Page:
Although the arts have been an integral part of healing since ancient times, we are still often asked the question: what purpose do the arts serve in a health care setting? We all know that art is used to enhance the environment—and what environment is in more need of enhancement than the hospital setting? Generally grim, gray and gloomy, these institutions have not been known to promote a feeling of well-being upon entering. But here in Florida that is rapidly changing.
With the innovations of the many arts in health care programs throughout our state, hospitals are becoming far more patient-friendly places. Today, we know that art and music making as well as dance and all kinds of play can induce healing effects on our body-mind-spirit through intricate links among our nervous, hormonal and immune systems. Doctors are beginning to see themselves as both scientists and artists in equal part, and to concede that we cannot root out every disease through molecular biology and gene mapping. This new paradigm is not necessarily a paradox. The art of creating works of beauty and the art of serving the sick emanate from a common source of creativity, awareness, and humanity.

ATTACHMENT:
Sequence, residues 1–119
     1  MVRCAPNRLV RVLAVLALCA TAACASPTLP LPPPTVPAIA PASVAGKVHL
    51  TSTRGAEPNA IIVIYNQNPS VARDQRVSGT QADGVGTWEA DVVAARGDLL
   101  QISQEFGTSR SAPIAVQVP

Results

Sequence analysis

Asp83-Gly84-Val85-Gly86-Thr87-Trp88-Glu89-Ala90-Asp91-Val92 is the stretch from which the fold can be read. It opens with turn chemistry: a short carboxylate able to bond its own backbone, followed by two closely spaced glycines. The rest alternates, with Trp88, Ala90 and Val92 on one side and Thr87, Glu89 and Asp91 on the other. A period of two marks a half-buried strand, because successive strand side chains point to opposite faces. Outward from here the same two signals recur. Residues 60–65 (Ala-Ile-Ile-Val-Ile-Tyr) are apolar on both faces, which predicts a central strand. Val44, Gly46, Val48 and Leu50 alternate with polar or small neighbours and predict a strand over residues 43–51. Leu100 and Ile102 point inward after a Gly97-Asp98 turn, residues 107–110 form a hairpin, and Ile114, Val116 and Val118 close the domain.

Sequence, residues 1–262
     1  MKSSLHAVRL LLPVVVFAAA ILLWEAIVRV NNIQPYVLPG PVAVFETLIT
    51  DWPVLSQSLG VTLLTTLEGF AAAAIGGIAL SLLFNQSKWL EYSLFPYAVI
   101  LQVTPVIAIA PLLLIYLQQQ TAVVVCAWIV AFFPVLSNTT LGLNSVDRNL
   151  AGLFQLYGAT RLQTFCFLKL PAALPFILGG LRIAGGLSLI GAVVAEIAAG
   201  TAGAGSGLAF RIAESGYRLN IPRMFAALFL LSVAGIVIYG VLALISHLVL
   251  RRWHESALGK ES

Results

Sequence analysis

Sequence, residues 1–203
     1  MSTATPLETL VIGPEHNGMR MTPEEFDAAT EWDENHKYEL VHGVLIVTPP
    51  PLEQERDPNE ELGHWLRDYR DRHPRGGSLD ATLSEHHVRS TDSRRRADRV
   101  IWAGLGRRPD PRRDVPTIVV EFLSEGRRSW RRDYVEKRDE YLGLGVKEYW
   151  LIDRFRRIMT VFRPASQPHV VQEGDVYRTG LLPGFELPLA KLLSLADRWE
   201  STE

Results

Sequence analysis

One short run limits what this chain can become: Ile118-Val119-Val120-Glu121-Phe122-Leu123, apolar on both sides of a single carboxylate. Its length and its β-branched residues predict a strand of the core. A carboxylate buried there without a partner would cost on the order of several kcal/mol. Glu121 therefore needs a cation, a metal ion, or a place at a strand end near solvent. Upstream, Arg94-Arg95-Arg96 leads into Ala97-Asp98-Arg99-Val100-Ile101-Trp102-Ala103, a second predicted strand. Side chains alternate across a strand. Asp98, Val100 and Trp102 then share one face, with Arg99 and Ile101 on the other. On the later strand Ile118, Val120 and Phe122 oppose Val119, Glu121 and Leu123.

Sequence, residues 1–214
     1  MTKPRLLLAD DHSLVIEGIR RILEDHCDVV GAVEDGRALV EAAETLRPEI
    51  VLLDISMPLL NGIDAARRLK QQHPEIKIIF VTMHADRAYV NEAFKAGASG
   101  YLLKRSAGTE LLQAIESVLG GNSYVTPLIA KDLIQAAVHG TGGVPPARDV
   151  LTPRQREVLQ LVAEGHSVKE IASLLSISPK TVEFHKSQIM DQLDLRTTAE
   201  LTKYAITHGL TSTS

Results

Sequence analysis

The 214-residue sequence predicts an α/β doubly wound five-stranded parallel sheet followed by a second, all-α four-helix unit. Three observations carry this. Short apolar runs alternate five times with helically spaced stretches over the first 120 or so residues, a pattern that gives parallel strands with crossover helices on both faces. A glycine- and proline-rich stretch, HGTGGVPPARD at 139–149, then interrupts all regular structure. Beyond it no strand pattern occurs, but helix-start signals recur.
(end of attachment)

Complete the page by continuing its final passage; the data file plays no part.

Throughout the Western world, health care facilities of every kind are being transformed by the healing power of art. No longer confined to the orchestra pit and the gallery wall, the recording studio and the cinema screen, no longer a source of income for a few, or something most of us reserve for our weekend entertainment, art of all kinds is infiltrating the hallowed halls of medical science—our nation’s hospitals. Today, it is hard to find one without at least some form of art on its walls. Doctors, nurses, health administrators, are openly acknowledging the healing power of art and its profound contribution to the quality of our lives.